Well simply put, they were proud to say their tools came from the UK and using the coat of arms certainly added prestige. After all, what self-respecting saw maker wouldn’t want to use a saw medallion that sported a unicorn that can only be tamed by a virgin? Seriously though, in the UK it was seen as a mark of the utmost quality. The word ‘Warranted’ is really a guarantee given by the UK saw manufacturers. The word Superior simply means that the saw was made from the best materials available at the time. Saw makers who used the WS medallion were in effect saying that they wholeheartedly stood behind their tools and were prepared to guarantee their excellence.

It also made practical sense to use WS medallions if you think about it. As any saw restorer knows, removing and refitting split nuts on old saws can give rise to many an anxious moment. They are easily broken even when taking the utmost care. As one modern day sawright put it over on the hand tool forum on Woodnet “They are an abomination.” I concur and guess what, they weren’t any better when they were new and artisans of old, who possibly removed them in order to sharpen and work on their saws, surely faced the same levels of anxiety. That being the case, most saw mills and hardware stores sold replacements and when the medallion broke, the fact that a Warranted Superior medallion was common to a lot of manufacturers’ saws made good economic sense to the store owner and a higher chance of finding a replacement locally for the tool owner.

2) Why did other saw manufacturers choose to use their own brand on their medallions?
I don’t know for certain, but I believe I’m right in saying that saws bearing manufacturers’ own brand medallions appeared before saws bearing Warranted Superior medallions. Saw manufacturers such as Spear and Jackson and W. Tyzack, Sons and Turner were two such companies that used their own branding. As any marketing consultant will tell you, when a brand is established and successful, it is in effect a differentiator. It has history and a loyal following. You mess with it at your peril and at the risk of losing brand loyalty to your competition.

There were many more saw manufacturers in the UK who chose to use their own branding on their medallions. Companies like I & H Sorby, Mellhuish, Moulson Brothers, Taylor Brothers, R Groves & Sons, and Skelton Co. to name just a few.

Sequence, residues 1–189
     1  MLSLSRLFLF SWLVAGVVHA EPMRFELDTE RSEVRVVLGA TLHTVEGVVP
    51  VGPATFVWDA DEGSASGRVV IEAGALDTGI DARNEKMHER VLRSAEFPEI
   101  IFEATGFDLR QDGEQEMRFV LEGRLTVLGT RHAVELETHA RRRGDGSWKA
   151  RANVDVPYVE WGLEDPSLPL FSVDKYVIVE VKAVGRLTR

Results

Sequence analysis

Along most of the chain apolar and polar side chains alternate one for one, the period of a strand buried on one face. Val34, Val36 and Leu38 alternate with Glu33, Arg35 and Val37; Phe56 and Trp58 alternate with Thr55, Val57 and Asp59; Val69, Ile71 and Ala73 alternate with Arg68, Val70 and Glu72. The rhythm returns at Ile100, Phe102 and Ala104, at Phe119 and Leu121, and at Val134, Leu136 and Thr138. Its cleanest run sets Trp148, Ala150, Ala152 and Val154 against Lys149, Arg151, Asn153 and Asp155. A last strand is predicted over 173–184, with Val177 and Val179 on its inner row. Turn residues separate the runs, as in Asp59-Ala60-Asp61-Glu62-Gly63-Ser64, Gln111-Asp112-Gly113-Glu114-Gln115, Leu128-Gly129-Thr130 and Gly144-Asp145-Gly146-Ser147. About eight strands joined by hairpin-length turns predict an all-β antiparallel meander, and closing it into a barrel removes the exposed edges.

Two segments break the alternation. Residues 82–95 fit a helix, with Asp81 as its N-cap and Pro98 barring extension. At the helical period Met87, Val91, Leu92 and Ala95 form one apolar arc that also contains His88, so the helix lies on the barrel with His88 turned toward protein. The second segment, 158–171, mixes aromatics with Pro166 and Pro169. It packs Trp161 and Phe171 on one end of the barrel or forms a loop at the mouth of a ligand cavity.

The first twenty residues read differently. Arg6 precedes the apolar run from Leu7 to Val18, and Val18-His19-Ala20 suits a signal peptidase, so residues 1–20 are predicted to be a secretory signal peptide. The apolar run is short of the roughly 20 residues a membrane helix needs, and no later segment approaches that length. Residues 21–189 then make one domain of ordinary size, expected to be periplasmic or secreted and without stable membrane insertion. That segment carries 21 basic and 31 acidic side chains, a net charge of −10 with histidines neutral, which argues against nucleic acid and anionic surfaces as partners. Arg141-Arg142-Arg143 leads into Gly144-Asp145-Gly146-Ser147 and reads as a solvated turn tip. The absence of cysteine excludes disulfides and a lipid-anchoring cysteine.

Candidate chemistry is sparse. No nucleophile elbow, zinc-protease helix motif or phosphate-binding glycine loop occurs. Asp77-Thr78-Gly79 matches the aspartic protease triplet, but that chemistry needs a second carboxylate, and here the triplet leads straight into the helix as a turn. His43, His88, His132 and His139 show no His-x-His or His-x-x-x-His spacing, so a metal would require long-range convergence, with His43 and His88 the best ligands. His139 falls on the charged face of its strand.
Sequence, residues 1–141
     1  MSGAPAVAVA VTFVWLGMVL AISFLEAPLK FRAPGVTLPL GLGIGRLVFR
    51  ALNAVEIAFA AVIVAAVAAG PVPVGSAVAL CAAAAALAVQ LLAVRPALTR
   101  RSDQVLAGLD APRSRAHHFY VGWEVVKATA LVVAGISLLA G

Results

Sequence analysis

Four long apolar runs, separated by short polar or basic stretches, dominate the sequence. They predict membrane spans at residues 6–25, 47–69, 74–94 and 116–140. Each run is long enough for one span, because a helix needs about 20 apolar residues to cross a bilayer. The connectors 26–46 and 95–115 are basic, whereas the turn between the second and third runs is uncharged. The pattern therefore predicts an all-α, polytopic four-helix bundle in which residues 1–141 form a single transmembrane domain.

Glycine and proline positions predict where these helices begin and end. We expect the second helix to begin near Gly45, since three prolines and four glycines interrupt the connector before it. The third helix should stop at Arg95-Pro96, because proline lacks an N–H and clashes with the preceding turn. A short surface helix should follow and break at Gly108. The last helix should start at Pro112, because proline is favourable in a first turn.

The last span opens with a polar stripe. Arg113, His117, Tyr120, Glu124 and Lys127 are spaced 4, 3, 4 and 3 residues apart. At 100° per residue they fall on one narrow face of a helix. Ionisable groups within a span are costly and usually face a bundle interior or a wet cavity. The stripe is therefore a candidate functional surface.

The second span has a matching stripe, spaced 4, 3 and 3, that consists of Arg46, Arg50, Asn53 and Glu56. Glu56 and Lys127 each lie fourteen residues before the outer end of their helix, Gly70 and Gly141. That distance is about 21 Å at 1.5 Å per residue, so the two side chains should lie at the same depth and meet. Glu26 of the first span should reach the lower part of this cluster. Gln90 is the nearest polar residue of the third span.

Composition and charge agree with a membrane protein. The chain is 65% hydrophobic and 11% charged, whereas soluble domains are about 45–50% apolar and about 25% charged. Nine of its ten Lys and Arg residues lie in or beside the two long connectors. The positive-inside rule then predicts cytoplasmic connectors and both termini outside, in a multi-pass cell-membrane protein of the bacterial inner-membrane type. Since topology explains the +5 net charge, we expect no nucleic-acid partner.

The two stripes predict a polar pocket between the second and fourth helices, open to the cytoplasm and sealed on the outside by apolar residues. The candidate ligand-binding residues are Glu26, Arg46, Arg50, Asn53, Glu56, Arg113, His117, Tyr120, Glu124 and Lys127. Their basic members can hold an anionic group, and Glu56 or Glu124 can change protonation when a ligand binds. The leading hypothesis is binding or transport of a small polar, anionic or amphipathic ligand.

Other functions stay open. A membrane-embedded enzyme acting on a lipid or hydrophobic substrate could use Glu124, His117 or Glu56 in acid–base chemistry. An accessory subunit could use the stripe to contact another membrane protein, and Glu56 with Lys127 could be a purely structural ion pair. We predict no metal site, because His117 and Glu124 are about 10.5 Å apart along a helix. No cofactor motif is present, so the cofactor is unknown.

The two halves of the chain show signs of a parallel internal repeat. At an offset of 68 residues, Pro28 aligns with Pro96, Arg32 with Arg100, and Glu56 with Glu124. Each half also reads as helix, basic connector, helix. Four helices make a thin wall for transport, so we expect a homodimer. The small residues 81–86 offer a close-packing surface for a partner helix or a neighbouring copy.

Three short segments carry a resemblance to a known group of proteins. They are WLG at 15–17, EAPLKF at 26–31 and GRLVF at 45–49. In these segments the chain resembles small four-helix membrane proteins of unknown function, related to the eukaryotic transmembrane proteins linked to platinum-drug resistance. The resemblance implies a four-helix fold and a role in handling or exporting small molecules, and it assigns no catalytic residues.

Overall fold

3) Were Warranted Superior medallions only found on saw manufacturer’s second line saws?
It has often been written (mostly by American bloggers and forum posters) that saws carrying a Warranted Superior medallion were second line saws produced by saw manufacturers. Whilst this is apparently true of American saw manufacturers such as Disston, Atkins, Bishop, Jennings, Woodrough & McParlin, and Simonds, it most certainly is not true of British manufacturers for the reasons given in the answer to question 1 above. The quarter-sawn beech used to make the totes was just as good as the beech used in named brands. The steel was the equal of named brands too and so was the workmanship.

Now you don’t have to read too many old tool catalogues and advertisements to realize how fierce the competition was between the tool giants back in the day. It seems they all made increasingly bolder statements proclaiming their magnificence in a perpetual quest to outdo the competition and sway the punters towards their own brand(s) of tools.

I’ve read that US manufacturers such as Disston started using WS medallions on their second line saws in order to compete with other manufacturers on an even playing field. Maybe I’m just an old sceptic, but do you think it is possible that in order to win some market share from the WS saws imported from the United Kingdom, they actually did it in an attempt to brain wash the American public into thinking that any saw bearing a WS medallion was of lesser quality than their first line branded saws. I couldn’t possibly comment, except to say that if true and the boot was on the other foot, English manufacturers would undoubtedly have done the same. When you think about it though, for American saw manufacturers to put WS medallions on second line saws is nonsensical. In effect, they are saying we guarantee that these saws are superior except for our first line saws that we’ve seen fit to put our name to. It doesn’t make sense really does it? Either they are superior or they aren’t.

4) Did UK saw manufacturers possibly make and install the US Eagle WS medallions normally found on saws made in the US and if so why?